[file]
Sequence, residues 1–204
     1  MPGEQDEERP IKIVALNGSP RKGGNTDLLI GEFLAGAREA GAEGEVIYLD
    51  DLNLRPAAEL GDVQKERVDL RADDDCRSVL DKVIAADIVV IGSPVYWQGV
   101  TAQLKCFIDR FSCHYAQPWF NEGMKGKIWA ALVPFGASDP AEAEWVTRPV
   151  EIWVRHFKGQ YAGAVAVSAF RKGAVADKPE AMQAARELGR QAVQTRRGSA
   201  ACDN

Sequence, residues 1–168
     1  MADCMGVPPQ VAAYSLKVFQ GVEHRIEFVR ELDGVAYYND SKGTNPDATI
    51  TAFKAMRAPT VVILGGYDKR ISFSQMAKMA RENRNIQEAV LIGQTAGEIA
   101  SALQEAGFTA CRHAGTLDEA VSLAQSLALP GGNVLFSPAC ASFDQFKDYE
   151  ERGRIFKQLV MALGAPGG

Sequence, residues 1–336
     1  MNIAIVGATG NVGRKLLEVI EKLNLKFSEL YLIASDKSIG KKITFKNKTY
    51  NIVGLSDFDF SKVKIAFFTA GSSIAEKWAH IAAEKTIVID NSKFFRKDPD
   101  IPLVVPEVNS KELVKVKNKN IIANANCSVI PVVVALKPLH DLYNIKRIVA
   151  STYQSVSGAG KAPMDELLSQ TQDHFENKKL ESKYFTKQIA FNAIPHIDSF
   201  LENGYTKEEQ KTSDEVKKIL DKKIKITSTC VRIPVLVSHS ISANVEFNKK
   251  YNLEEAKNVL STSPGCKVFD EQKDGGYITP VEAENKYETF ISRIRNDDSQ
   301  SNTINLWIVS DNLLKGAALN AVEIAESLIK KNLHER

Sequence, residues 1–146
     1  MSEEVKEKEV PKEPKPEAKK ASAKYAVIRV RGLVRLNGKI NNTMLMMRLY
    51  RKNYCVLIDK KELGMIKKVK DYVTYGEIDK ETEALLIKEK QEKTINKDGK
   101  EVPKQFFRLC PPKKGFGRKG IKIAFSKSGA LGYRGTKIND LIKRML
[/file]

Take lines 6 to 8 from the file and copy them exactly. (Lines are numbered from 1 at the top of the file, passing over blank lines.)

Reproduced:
   201  ACDN

Sequence, residues 1–168
     1  MADCMGVPPQ VAAYSLKVFQ GVEHRIEFVR ELDGVAYYND SKGTNPDATI